Thursday, 7 June 2012

Finches' personalities 'shown by head colour'


Gouldian finches have different personalities depending on the colour of their heads, researchers have found.
Scientists from Liverpool John Moores University and The Royal Veterinary College investigated the "highly sociable" Australian birds.
The team set the finches a series of behavioural tests to understand the purpose of their bright appearance.
They found that red-headed finches were more aggressive, while black-headed birds were bolder and took more risks.
"Our idea is that the colour signals their behavioural tactics," said lead researcher Leah Williams.
She explained that the research also suggests that "bolder" black-headed finches may act as "leaders" in a group.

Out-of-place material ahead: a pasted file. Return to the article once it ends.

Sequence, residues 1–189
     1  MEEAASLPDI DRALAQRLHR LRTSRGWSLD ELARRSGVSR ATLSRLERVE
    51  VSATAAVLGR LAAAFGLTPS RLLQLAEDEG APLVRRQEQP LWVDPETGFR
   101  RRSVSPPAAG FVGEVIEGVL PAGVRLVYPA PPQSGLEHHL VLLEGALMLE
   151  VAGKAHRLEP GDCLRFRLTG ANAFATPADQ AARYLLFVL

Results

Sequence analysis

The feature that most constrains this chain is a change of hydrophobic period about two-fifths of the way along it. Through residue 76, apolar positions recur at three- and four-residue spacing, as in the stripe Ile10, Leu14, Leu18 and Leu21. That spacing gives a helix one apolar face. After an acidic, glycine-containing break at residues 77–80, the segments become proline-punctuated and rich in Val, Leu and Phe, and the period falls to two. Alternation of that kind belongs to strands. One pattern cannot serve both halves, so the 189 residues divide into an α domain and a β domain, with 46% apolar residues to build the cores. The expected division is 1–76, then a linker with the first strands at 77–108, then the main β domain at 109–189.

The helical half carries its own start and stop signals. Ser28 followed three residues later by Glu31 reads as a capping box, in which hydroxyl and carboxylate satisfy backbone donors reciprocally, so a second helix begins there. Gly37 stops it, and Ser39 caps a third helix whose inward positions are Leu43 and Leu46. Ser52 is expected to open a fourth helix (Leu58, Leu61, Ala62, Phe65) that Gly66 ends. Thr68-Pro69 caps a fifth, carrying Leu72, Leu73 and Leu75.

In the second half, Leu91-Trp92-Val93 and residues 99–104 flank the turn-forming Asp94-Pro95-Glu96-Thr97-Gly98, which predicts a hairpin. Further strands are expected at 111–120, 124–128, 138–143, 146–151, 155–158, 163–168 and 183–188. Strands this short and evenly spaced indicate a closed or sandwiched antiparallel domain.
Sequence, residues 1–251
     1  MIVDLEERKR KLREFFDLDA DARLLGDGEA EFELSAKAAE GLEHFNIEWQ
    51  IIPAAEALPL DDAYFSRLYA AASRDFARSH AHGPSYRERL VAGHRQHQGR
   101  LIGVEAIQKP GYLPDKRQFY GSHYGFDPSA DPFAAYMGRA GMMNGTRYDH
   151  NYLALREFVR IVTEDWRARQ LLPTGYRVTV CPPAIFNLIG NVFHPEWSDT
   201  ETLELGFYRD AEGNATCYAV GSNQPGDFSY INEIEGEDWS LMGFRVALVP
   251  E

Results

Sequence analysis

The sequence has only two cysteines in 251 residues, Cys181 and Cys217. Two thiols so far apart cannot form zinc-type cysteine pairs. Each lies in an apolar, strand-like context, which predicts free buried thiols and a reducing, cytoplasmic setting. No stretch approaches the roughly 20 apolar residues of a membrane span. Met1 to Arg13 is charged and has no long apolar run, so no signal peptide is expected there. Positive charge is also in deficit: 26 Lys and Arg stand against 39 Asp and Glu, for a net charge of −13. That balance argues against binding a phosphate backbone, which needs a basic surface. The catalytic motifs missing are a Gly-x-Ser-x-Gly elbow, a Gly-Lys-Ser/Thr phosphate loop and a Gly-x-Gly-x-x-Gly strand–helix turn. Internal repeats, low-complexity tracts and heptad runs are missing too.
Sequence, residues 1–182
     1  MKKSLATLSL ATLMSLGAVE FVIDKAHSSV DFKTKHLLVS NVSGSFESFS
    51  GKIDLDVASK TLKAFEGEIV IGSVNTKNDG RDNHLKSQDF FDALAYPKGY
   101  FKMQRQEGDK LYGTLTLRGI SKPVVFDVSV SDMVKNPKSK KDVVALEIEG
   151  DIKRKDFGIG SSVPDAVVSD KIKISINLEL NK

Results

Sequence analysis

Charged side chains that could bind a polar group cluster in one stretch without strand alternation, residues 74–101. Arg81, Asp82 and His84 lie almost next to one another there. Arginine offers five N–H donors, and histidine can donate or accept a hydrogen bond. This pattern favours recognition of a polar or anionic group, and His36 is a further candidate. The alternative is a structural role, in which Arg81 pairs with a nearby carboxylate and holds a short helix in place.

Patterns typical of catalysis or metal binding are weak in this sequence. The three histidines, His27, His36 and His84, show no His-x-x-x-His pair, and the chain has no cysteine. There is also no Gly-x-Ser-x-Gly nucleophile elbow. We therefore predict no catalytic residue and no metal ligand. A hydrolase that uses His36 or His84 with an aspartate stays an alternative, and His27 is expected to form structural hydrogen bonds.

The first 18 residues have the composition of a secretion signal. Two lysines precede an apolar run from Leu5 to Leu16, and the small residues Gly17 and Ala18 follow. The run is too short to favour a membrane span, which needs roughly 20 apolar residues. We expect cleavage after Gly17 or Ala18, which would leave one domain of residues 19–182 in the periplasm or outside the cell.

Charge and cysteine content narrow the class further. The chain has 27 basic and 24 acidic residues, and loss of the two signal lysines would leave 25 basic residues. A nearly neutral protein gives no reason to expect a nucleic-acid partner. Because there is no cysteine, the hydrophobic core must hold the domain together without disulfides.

Gouldian finches are found in open, subtropical woodland and are known for their colourful plumage.
In the wild, the majority of the birds have black or red heads, although a very small number are yellow-headed.
When Gouldian finches first hatch "they're actually all an olive brown colour," Ms Williams told BBC Nature.
"After their first moult, when they're a couple of months old, that's when they get their colour."


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